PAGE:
Baltimore Sun

Few delays, headaches expected as Grand Prix course construction begins

Organizers of the Grand Prix of Baltimore are working hard to avoid traffic delays as they begin the construction of the street course for the Labor Day weekend racing event in the city.

A year ago, a series of road closures snarled traffic, disrupted downtown business operations and ignited tempers of residents and workers in Baltimore. Monday, at the official placing of the first ceremonial concrete block at the intersection of Pratt and Light streets, general manager Tim Mayer said the organization is planning the construction in order to avoid a repeat this year.

"This time last year, the city was in some chaos," Mayer said. "This year we're paying attention to the details — to every detail. We're making sure the ADA [Americans with Disabilities Act] crosswalks stay open. We're paying attention to the placement of every block relative to street traffic and time of placement. We're making sure the bus stops remain open, that businesses can continue to operate. If people want to go to the [National] Aquarium, we want them to know it will be open and accessible."

The new building project will include several tweaks to the race track, too.

Turn 1 will be four or five feet more open, track designer Tony Cotman of NZR Consulting said, adding the idea is to "entice drivers to go two-by-two around there" in hopes of creating more passing, which in turn will make the race more interesting to spectators.

Turns 5 and 6, meanwhile, have also been slightly redesigned "to bring the action closer to the people." Cotman added that 15,000 tires will be used in crash run-off areas and that the total weight of the concrete being used in the walls is 22 million pounds. He also said the railroad tracks may be a little smoother, but will still feel like railroad tracks to the drivers, as will the 300 man-hole covers along the course.

The track also will be without the chicane, the series of man-made turns designed last year to slow the cars going down the Pratt Street straightaway before they entered turn 1. With the series of turns eliminated, officials said cars should reach 175 mph before starting to brake into the first turn.

While the Grand Prix of Baltimore will try to hold disruptions to a minimum, they admit there will be some. But the construction will all be done at night until Friday this week, starting at 9 p.m. on Conway Street, and signs of the construction are to be gone before rush hour begins each morning. The most disruptive areas, like the intersection at Light and Pratt streets, won't be done until the final week before the race.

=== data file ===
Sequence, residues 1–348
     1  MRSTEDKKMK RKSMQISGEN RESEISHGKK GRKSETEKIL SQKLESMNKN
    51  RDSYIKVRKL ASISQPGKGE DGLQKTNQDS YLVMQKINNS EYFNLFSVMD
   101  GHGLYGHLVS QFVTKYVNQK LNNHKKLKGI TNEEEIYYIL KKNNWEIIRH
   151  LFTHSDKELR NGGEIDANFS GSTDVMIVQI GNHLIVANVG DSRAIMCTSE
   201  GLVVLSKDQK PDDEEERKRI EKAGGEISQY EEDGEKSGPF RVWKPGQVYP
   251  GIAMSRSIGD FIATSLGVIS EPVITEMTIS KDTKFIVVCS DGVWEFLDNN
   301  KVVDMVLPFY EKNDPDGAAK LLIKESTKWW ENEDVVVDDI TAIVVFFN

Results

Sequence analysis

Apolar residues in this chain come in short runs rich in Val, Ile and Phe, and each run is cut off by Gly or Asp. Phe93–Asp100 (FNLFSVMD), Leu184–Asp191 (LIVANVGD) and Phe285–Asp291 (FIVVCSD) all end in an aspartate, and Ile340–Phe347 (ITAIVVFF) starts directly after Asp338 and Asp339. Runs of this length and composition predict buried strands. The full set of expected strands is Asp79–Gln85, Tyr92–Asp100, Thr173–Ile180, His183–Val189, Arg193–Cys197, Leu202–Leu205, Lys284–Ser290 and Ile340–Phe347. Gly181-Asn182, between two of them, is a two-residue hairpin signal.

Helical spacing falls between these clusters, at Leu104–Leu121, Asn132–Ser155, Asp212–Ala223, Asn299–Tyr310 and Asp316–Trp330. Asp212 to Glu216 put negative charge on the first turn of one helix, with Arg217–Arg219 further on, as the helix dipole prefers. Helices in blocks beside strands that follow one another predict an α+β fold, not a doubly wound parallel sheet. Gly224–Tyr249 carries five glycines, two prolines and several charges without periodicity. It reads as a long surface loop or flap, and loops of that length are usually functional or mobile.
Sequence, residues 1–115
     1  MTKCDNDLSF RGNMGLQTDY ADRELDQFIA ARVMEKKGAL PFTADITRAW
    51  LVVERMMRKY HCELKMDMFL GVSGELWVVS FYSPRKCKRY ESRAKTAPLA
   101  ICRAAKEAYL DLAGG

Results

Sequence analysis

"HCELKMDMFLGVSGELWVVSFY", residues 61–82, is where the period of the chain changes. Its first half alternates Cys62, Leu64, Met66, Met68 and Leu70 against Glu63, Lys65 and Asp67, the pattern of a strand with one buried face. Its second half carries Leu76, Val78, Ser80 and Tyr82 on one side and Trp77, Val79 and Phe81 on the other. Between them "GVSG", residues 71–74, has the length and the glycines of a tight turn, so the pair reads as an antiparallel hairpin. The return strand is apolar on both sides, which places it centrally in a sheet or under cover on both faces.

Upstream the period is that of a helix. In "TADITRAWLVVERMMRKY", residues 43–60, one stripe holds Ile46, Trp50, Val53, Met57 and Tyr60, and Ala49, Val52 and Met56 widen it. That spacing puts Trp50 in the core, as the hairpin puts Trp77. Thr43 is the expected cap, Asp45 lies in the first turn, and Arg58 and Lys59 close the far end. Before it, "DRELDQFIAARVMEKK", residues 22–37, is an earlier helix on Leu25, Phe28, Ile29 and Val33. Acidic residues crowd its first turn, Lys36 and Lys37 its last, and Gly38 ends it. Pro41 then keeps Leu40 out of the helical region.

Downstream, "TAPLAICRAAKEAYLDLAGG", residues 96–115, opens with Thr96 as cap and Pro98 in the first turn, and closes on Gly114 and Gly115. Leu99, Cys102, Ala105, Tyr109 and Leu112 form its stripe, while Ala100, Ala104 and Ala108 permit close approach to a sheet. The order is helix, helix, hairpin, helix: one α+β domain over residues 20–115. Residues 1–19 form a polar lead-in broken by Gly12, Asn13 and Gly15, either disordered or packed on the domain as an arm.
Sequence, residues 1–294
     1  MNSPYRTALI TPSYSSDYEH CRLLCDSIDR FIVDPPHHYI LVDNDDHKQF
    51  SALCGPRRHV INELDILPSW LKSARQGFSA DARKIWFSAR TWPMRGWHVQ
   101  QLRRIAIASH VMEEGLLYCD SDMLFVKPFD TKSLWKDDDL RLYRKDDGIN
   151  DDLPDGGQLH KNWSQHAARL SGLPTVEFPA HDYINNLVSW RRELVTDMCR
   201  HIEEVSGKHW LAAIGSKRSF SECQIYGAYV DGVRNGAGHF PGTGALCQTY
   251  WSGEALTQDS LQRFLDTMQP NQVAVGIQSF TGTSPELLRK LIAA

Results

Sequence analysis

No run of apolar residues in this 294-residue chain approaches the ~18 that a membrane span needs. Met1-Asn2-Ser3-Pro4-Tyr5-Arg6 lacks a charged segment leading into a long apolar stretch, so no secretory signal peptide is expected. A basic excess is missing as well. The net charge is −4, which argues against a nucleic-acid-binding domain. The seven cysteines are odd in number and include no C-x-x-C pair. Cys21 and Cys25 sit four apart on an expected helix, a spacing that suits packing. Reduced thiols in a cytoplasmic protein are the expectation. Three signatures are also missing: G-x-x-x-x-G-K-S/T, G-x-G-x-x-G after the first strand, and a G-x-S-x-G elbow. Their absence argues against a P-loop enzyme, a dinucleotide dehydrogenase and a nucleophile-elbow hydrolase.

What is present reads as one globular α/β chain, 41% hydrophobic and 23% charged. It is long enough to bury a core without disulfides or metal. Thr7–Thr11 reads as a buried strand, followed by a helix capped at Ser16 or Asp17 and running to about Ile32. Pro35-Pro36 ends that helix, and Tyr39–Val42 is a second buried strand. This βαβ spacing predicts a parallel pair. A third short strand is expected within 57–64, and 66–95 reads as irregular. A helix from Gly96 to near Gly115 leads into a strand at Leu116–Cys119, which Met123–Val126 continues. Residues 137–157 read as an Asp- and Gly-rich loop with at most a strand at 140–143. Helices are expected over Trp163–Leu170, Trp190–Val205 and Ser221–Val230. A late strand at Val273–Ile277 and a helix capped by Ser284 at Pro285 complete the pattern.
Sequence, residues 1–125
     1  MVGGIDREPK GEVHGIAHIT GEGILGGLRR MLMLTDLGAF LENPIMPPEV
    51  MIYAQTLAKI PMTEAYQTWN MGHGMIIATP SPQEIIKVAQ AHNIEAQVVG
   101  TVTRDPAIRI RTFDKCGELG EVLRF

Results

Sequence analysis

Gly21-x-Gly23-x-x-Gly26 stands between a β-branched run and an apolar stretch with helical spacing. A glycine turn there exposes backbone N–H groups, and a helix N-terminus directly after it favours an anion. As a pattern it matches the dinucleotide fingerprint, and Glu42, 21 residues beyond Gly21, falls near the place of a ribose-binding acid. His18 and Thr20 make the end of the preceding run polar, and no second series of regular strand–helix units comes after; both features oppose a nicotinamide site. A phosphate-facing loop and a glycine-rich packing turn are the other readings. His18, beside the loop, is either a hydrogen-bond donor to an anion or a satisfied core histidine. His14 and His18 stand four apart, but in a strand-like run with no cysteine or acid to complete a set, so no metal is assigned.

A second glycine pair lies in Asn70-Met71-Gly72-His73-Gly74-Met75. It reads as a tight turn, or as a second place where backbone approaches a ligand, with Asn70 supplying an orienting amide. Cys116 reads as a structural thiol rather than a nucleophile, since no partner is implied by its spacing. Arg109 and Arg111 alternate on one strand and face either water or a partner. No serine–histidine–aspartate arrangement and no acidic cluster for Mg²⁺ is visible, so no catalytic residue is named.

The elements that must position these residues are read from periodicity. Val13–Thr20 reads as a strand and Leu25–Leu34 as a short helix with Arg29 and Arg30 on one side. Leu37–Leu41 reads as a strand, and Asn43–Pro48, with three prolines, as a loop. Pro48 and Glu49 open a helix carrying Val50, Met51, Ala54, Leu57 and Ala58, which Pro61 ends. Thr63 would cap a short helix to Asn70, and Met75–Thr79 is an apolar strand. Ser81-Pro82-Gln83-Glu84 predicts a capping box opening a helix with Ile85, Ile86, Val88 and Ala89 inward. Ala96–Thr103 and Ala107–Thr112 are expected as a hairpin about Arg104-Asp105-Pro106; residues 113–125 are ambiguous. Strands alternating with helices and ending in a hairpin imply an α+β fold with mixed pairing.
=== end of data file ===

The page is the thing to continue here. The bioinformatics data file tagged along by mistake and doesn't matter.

"We are building in sections around the city instead of the traditional method of building in sequence," said Cotman. "Last year, there wasn't a lot of detail prior to the build. Last year, people didn't know what to expect. We definitely know what the city expects from us this year. And, we have a very good construction plan."

Cotman's building crew will build the two-mile, 12-turn course in 30 days, laying 2,200 concrete blocks and topping them with 2,200 fence panels. Along the way, the construction crews will incorporate the new plans for turns 1, 5 and 6.

"I think removing the chicane will make the track a little faster than 175 mph," said IndyCar driver Josef Newgarden, who was also present for the track-build kickoff. "I think we'll reach 180."

Newgarden, who won the Indy Lights Series title a year ago, finished second in the inaugural Indy Lights race in Baltimore. At age 21, he is now a rookie in the IndyCar Series driving for Sarah Fisher Hartman Racing.

"I loved this track last year," Newgarden said

"I think the new changes will make it a better show, with more passing for the fans, and still keep it challenging for the drivers. Last year it was a physical challenge and I've been training all year just for this race. Well, not just for this race, but this race is the bench mark for how fit you need to be."

Road closures for track construction

Westbound Conway Street between Light Street and Howard Street will be closed each night this week until Friday from 9 p.m. to 5 a.m.

Eastbound Conway Street will be open to traffic, but there could be some construction-related delays.

Northbound Russell Street will be closed after the Ravens' open practice Saturday at M&T Bank Stadium through Sunday evening, but it will be reopened before rush-hour traffic Monday.

No other plans to close streets until a couple days before the race, but individual lanes could be affected when work occurs at night. The exact details of race week closures will be announced at a later time.

[Source: Grand Prix of Baltimore]